Perhaps you’ve been looking in all the wrong places, and making all the wrong choices this past year—to fill a need, to avoid the obvious, to cloud your judgment, to distract you from what’s important, to keep you from doing the right thing—when it’s been right under your nose the whole time.

Susan Miller

An old bench filled with memories

the old bench

One of the sweet memories I have of my daddy many years ago, was sitting beside him on a hand-made, hand-painted bench in our back yard. He made it out of scraps of wood from his wood pile, and it has remained strong and steady for over 40 years. He built it with the skill of a fine carpenter, although he only referred to himself as a handyman around the house.

The weathered green bench sat in mom and dad’s back yard for many years. Anytime I came home to visit, I would watch from the kitchen window when daddy was raking the back yard, and wait for him to take a bench break, then I’d head for my spot next to him.

We would sit together and talk about anything—from the birds and the squirrels scampering around in our wooded back yard, to the rising cost of living, to how hot the weather was, to stories of the years he served in the military and what the Bible says about how to live life. My daddy was a quiet, gentle, soft-spoken man of few words. The bench seemed to spark magic conversation between us.

When mom and dad went home to be with the Lord many years ago, my brother and I sorted through the keepsakes we wanted. I took the bench. It traveled from Florida to Arizona, and sat on the front porch of three homes, and then finally ended up in the back yard, all the more weathered.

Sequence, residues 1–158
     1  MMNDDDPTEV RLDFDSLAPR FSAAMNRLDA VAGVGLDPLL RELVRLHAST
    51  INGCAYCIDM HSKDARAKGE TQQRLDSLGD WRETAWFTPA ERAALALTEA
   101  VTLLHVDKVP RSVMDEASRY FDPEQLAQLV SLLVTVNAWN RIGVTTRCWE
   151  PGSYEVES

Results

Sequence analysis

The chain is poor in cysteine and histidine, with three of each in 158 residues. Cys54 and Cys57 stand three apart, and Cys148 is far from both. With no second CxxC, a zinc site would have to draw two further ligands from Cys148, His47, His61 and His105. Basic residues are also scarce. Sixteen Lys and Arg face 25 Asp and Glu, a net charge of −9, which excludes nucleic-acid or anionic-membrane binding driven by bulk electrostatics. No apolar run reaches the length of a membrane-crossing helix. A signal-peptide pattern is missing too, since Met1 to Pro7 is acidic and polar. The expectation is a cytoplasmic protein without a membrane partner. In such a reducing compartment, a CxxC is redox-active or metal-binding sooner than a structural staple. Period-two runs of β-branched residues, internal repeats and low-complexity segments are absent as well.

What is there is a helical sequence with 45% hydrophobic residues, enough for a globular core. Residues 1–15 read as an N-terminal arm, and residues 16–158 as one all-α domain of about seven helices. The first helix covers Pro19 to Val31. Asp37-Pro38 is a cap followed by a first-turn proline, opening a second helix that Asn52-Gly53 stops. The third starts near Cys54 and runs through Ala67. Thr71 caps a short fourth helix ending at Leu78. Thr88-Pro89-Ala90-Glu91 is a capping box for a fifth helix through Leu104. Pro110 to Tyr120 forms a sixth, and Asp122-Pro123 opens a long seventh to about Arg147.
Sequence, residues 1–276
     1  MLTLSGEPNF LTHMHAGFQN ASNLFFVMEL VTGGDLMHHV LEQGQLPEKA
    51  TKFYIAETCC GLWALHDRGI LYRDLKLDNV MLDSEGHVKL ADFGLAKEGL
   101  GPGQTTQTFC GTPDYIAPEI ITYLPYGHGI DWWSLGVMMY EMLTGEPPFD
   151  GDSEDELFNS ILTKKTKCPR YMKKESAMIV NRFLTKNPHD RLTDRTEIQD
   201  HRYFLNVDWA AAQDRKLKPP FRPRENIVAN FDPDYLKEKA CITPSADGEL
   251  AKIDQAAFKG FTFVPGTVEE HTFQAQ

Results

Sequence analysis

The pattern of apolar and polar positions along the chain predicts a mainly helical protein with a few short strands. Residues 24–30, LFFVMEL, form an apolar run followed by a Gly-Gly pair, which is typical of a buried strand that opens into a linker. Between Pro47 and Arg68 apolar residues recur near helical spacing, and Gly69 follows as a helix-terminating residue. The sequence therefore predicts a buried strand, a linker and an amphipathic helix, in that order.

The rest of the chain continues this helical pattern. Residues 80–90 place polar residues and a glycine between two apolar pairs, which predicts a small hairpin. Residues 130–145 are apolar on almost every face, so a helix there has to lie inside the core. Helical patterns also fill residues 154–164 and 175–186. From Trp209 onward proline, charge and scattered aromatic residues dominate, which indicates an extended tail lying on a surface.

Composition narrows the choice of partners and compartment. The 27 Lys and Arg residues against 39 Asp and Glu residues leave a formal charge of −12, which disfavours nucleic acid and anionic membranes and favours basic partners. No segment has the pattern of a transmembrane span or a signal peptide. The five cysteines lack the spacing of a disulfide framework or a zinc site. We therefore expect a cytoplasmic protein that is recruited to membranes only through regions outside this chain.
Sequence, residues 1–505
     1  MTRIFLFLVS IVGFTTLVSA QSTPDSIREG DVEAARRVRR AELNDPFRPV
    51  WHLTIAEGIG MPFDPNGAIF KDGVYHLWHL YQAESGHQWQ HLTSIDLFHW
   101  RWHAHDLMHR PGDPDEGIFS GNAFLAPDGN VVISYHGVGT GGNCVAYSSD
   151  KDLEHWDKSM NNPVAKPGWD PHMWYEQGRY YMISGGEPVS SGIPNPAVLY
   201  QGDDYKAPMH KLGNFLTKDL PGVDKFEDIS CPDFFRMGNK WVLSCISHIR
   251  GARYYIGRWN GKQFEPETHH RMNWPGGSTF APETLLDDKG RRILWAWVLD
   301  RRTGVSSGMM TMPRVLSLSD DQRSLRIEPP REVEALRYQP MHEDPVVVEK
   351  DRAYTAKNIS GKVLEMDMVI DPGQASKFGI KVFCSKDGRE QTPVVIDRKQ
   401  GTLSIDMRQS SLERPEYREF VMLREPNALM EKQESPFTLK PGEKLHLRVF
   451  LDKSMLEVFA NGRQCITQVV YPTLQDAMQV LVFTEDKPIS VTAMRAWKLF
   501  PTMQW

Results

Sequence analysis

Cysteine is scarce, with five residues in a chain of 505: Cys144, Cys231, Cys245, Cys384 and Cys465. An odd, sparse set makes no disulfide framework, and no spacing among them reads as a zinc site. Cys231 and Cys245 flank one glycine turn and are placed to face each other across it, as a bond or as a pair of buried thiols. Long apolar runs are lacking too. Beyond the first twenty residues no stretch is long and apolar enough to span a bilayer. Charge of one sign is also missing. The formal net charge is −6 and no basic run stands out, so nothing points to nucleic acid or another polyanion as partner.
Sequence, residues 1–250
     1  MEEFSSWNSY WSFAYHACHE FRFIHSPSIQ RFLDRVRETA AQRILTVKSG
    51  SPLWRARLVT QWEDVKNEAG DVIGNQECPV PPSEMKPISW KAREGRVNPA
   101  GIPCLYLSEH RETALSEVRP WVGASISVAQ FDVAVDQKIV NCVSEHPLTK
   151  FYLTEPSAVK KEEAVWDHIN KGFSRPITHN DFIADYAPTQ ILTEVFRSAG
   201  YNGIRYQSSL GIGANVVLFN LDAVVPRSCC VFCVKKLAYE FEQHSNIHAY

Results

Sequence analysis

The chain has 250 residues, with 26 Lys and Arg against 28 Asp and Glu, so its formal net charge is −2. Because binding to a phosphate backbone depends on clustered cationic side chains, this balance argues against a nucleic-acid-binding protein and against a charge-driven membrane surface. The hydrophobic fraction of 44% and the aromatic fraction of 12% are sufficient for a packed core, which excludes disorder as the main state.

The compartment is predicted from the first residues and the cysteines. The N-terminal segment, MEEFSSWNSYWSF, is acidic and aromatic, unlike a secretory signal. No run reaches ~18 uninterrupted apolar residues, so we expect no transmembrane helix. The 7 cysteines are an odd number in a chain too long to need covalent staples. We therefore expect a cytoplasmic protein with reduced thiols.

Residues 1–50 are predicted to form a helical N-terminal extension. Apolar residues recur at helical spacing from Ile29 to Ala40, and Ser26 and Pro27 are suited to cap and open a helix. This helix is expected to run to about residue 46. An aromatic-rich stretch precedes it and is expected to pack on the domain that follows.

This summer, as I walked by the all-but-forgotten-bench, I stopped, and ran my hands across the rough surface. I sat down thinking that it might not hold me, but it held firm. The memories of sitting on it with my daddy, my husband, Bill, my children, and my grandchildren, flooded my heart and emotions.

stripping the paint

“It is time to restore this bench,” I said to myself. I became excited about stripping and sanding it, filling the holes with wood filler, nailing down any loose wood, re-painting it a different color, and adding a cushion for the finishing touch!

Moved to a special place, the old-but-new bench continues to spark conversation magic. I watch my daughter and my grandchildren find a spot to sit next to me, and then we talk about many things….

Five lessons learned from an old bench:

1. Seize the moment to sit awhile with someone you love.
2. Talk about lots of things—important and not so important.
3. Share stories and recall memories.
4. Listen and remember.
5. Never forget that something old can be a treasure, and sometimes, can be restored to new again.

finished bench

Susan Miller

 

Knee Deep in Lemonade and Life Lessons

Cousin CampCamp NanaPapa, better known as Cousin Camp, has come to an end for another summer. Every July, I look forward  to having all six grandchildren, ages seven to thirteen, together for a cousin reunion. They make crafts and bake cookies, play board games and kickball, swim and bike ride, take long walks and watch movies. They laugh and cry, scuff knees and feelings, stay up late, and sleep in, drink gallons of lemonade, and eat countless peanut butter and jelly sandwiches. I love every minute. I watch, participate, listen, and learn. I have captured the memories with pictures, and have tucked the tender moments in my heart.

God continues to teach me life lessons through the world of my grandchildren, and reminds me of things I know, but can easily forget in the busyness of my daily life. I thought I would share a few things God taught me at Cousin Camp this summer.

It’s not about me. I learned to put aside my schedule, my agenda, and my wants. Cousin Camp is just that—it’s all about the cousins.